As we pushed on up the road, the trees were thinning out a little and we kept a close eye on the sky above the ridges, looking out for a particular bird of prey that occurs in these parts. Clearly, the sun shines on the righteous because, as we got higher, a shout came from behind me, and I turned around to see a superb LAMMERGEIER heading towards us! A real shock because, although it was a target species for the trip, we thought it might be a bit of a long shot since only a handful of pairs breed on the island.
It glided right towards us and I managed to take a few snaps, but as it got closer I resisted the camera and watched it pass overhead with my bins, properly taking in such a magnificent beast. This was the first time I had ever seen this species since I had never been anywhere where they breed before. It was such a distinctive bird - pretty massive, with tha odd oval-shaped tail, small head and bright orange underparts. We could even see its tiny moustache. Even though we were looking for one, this really felt like a bonus bird, and it meant five ticks for me within 24 hours of getting here.
Other species that we saw near the top of our walk included at least 3 Blue Rock Thrushes flying around the top of an escarpment, which were on show only briefly, and a few more Cirl Buntings alongside the track. High above the cliffs we picked up a Peregrine soaring and even further away, like little dots above the snowy peaks, a few Alpine Choughs were seen.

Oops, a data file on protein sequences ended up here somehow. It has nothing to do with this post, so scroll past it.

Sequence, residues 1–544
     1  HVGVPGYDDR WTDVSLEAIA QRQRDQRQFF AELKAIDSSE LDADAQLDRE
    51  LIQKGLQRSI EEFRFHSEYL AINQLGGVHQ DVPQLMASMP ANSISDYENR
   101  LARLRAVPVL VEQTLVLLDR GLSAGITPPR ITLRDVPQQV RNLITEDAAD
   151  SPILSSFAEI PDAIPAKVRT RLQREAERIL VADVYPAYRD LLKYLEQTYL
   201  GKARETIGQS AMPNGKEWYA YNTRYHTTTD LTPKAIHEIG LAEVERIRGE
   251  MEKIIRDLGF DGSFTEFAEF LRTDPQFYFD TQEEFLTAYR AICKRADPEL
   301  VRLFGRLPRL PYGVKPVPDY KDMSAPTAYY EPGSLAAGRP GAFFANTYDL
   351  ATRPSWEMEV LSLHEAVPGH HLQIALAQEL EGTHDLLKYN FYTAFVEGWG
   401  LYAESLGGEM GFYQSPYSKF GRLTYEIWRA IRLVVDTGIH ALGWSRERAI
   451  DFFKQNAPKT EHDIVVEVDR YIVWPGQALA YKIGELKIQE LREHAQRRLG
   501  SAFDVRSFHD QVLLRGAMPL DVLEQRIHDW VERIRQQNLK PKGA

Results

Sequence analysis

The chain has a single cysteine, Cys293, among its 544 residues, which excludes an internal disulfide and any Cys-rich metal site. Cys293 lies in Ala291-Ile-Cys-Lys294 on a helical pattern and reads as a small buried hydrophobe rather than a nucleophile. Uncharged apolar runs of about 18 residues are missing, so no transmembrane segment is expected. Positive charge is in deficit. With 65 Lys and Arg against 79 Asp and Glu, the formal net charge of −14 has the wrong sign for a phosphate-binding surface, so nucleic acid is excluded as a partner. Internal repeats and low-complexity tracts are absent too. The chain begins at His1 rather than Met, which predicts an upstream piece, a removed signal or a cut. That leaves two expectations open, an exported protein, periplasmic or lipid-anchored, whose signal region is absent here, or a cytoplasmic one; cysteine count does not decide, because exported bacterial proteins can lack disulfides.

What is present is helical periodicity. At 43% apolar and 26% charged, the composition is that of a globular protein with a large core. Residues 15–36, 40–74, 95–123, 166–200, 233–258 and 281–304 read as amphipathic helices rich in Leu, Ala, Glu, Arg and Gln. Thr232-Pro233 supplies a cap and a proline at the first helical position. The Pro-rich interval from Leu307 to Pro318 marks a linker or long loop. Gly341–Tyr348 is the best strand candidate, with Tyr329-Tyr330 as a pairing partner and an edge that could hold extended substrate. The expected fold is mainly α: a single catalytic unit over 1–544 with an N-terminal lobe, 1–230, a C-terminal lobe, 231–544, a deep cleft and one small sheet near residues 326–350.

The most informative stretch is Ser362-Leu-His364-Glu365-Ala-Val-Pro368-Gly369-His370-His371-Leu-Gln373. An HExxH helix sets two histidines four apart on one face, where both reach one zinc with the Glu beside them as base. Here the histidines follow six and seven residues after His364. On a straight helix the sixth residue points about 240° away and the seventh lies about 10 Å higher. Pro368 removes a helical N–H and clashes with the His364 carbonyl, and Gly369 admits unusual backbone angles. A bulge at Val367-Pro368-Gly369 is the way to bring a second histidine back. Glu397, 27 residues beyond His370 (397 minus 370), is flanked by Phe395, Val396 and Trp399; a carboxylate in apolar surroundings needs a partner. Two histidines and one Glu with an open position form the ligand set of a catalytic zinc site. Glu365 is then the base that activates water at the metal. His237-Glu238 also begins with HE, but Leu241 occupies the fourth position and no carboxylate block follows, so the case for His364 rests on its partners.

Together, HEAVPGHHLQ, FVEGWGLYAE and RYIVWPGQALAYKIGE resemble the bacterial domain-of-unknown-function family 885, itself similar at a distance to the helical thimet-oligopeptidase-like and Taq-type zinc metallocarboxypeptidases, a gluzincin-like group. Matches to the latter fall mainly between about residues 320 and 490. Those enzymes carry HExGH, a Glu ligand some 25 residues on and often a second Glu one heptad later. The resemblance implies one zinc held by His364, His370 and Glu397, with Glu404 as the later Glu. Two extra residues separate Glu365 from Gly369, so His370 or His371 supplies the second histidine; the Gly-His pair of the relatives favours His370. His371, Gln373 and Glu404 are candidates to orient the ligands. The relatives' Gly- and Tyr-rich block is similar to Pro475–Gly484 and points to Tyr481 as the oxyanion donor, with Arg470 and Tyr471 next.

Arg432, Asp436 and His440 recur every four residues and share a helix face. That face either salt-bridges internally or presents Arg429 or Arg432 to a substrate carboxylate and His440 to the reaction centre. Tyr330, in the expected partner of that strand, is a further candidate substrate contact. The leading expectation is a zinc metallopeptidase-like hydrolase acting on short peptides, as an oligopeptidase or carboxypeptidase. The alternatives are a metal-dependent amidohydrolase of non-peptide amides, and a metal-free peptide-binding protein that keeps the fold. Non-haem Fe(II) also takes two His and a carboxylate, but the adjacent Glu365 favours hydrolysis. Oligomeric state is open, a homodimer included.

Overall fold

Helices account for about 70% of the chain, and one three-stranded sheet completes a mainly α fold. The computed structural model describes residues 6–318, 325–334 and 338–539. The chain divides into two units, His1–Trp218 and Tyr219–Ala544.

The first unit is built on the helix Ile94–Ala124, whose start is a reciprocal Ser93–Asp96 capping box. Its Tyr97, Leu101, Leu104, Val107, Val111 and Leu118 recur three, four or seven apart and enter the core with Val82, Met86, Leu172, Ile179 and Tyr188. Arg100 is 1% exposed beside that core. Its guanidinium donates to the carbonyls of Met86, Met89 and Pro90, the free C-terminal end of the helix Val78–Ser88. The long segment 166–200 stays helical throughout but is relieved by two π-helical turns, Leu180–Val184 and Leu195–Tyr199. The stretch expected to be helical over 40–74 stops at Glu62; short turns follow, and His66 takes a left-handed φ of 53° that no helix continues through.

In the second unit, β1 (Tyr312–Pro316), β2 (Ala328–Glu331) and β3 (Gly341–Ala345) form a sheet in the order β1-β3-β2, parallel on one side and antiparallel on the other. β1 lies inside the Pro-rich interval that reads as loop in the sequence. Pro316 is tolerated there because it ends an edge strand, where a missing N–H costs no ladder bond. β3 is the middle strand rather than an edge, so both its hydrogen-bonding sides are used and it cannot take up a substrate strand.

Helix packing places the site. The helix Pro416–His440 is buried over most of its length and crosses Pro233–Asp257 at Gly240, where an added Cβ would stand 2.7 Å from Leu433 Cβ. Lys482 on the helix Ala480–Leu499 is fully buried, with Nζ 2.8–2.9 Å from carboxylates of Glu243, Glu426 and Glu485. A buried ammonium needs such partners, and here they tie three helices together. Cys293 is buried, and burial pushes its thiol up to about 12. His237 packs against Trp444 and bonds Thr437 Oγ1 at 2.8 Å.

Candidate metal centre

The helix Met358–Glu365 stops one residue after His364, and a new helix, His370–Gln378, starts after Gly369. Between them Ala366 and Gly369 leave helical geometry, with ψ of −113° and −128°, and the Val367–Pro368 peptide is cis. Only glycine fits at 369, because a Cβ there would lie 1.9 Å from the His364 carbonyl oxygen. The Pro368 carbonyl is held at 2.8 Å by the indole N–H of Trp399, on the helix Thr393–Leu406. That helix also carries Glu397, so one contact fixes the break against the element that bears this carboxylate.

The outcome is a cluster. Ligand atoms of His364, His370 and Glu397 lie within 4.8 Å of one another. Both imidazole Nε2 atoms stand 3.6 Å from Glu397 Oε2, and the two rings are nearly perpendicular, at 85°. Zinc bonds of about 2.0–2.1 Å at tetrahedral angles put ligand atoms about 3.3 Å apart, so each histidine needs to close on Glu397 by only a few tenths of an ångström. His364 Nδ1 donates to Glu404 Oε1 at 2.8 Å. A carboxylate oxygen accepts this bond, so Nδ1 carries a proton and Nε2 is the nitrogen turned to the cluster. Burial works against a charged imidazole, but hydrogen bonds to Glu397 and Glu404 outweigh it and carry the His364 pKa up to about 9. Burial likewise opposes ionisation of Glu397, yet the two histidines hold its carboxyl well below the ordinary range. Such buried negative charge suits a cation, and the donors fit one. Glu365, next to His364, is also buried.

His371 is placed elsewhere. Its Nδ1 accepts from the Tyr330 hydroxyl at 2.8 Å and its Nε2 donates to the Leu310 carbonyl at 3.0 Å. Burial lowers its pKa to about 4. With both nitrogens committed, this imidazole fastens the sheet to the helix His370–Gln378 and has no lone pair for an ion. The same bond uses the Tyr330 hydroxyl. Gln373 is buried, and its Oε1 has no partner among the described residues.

There was other wildlife on offer, the most interesting being the Tyrrhenian Wall Lizards that were common on the roadside rocks and walls. This is one of the many species of wall lizard throughout Europe, this one endemic to Corsica and Sardinia and quite colourful creatures they were. We saw a few insects, including the more orange, less brown form of Wall Brown. The plant life was particularly varied with lots of unfamiliar flowers and trees, some of them endemic species. So we had plenty to look at as we descended the road back towards the car.